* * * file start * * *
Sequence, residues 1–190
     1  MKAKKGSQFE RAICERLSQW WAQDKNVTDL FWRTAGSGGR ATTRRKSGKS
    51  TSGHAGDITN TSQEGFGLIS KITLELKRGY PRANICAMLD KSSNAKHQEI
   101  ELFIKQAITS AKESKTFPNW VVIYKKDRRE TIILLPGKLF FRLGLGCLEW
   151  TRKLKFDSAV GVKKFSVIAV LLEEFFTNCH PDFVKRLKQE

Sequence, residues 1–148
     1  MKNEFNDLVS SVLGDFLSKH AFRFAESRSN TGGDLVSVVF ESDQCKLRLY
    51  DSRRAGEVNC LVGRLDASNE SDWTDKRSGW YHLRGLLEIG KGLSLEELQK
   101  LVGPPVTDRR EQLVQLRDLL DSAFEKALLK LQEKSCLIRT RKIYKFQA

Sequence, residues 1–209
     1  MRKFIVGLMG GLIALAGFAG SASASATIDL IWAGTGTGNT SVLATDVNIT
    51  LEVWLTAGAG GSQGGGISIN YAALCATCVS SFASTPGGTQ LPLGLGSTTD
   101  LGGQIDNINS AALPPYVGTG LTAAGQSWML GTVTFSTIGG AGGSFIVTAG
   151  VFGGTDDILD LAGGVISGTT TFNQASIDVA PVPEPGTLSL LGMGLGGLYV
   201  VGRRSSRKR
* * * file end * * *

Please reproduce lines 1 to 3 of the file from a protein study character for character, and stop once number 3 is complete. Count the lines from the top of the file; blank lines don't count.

Sequence, residues 1–190
     1  MKAKKGSQFE RAICERLSQW WAQDKNVTDL FWRTAGSGGR ATTRRKSGKS
    51  TSGHAGDITN TSQEGFGLIS KITLELKRGY PRANICAMLD KSSNAKHQEI